HELENA – School officials from districts big and small, from Kalispell to Ekalaka, traveled to Helena to testify Monday for the session’s major school funding bill, which had its first hearing before a House committee.
They urged the House Education Committee to approve Senate Bill 175, saying it helps school districts of all sizes and circumstances deal with the increased financial pressures they’re facing.
“This is the best school funding proposal that I’ve seen in my 20 years of coming to the Legislature,” said Tim Tharp, superintendent of schools in Sunburst and president of the Montana Rural Education Association.
SB175, sponsored by Sen. Llew Jones, R-Conrad, contains a complex overhaul of Montana’s system of state funding for public schools. The state Senate approved the measure six weeks ago, and, with just 17 working days left in the 2013 Legislature, Monday was the first hearing on the bill in the House.
The House panel took no immediate action Monday.
Jones led off the hearing with an overview of the measure, including several amendments that would reduce the bill’s overall cost.
In its current form, SB175 would use oil and gas tax revenues to cut local school property taxes across much of the state. Jones explained Monday that he wants to amend the measure so oil and gas revenue will help freeze those taxes – reducing the cost of the tax reductions by some $15 million.
The other key components of SB175 include:
• Increasing the lump-sum “basic entitlement” that the state pays to each district.
• Taking oil and gas revenue that now goes only to school districts where production occurs and spreading it among adjoining districts that are impacted by the oil and gas development.
• Higher payments to school districts that see substantial growth in students.
• A per-student payment for data systems that schools can develop to help student achievement.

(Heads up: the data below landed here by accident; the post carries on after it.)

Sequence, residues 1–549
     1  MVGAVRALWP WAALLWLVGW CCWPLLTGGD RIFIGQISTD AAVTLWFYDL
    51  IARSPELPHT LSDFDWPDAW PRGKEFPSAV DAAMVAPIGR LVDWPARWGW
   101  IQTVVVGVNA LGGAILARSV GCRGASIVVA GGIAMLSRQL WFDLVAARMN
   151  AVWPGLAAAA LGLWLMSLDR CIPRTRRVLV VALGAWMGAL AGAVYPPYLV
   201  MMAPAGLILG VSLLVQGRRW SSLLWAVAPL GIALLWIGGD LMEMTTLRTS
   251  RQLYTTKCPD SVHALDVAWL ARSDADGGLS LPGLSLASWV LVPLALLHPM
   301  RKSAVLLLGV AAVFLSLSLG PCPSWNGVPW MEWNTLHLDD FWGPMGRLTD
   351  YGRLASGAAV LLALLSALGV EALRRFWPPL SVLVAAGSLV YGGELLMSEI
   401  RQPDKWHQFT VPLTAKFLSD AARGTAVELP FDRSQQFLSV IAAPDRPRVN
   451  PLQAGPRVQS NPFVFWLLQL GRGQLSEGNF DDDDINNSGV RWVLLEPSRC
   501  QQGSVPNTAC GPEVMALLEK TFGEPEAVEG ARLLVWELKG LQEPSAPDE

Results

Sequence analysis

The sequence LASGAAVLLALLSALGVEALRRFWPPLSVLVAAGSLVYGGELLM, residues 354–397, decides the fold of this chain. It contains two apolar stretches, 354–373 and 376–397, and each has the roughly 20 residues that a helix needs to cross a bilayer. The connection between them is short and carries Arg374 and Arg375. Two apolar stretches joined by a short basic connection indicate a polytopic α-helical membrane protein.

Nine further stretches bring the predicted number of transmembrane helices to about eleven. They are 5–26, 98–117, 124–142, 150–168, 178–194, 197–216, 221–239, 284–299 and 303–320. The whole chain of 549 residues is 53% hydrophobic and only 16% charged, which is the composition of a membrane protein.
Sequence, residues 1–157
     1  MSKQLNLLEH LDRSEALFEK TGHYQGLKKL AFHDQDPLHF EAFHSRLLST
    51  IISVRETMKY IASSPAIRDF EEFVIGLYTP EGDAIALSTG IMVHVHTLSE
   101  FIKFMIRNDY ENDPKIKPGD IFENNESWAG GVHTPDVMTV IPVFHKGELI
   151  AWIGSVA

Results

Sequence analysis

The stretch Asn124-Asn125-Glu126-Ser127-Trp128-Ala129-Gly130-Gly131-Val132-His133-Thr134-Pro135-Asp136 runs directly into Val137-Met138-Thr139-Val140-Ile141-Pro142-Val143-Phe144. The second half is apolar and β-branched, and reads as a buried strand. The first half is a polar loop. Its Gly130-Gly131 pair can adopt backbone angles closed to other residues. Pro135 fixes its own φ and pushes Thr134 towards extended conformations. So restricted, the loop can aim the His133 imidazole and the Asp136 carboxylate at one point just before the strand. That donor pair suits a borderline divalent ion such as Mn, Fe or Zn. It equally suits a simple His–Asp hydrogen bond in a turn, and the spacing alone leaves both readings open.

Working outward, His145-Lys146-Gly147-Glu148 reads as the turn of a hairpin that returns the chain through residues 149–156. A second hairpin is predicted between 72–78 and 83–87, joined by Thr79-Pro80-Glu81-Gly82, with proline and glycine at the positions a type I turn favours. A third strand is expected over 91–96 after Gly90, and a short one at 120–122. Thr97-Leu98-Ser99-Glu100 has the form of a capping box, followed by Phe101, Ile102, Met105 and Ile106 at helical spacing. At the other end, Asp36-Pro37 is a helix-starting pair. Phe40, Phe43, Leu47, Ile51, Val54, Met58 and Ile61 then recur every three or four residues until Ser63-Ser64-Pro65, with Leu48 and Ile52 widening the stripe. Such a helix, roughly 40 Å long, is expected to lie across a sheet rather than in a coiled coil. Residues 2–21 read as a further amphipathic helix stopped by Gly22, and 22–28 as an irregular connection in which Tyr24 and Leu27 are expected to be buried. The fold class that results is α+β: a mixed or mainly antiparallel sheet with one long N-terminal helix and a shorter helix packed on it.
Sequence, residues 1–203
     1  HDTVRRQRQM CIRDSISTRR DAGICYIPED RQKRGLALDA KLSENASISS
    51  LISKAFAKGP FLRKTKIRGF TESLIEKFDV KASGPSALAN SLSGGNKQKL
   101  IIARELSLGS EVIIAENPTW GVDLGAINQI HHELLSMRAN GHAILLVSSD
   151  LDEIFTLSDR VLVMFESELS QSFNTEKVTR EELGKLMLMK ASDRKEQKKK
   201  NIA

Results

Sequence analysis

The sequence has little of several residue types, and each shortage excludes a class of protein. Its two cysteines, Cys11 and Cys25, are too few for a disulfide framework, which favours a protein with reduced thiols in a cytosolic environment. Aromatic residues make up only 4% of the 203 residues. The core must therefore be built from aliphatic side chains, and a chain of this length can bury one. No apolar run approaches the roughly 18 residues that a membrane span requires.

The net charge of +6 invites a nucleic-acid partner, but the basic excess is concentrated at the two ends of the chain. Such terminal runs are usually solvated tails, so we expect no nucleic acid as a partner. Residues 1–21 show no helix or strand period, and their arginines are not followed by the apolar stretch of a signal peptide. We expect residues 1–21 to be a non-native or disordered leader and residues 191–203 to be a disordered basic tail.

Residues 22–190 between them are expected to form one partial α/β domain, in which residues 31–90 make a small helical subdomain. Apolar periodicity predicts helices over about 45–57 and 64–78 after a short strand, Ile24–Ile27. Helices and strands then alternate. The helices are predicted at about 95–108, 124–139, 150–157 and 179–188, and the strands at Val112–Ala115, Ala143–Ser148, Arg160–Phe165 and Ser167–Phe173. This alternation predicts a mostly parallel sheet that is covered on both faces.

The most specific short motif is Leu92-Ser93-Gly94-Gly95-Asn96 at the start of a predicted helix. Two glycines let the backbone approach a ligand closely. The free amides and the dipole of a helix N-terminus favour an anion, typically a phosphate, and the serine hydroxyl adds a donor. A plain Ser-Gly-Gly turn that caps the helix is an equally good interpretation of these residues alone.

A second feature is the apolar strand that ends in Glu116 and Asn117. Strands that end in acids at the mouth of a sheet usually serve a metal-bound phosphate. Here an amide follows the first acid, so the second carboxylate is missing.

While SB175 had scores of supporters, several people also showed up to oppose it.
Oil and gas counties and Bainville schools, in far northeast Montana, said they want to amend the oil and gas provisions of the bill to more fairly distribute oil and gas proceeds.
Representatives of two environmental groups said it’s unwise to rely too heavily on oil-and-gas revenue to fund schools, and suggested instead that the Legislature create an oil and gas trust fund, and use its revenues to finance education.
And, finally, several people spoke against using money from the bill to finance new “common core” curriculum changes, saying it’s a “national curriculum” that should be resisted. Jones said he wouldn’t oppose removing any reference in the bill to the common core standards.
Yet far more supporters than opponents showed up to testify, with dozens of school officials, parents and school board members saying SB175 is a badly needed boost in state funding for schools.
Ann Hokanson, a school trustee from Harrison, a small town in southwest Montana, said the higher entitlement payment would mean $100,000 more for her district – thus avoiding possible property tax increases for local property owners.
“Maybe Harrison doesn’t amount to a hill of beans in the great scheme of things, but in Montana, there are (many) Harrisons … which means there are thousands of students who will benefit from Senate Bill 175,” she said.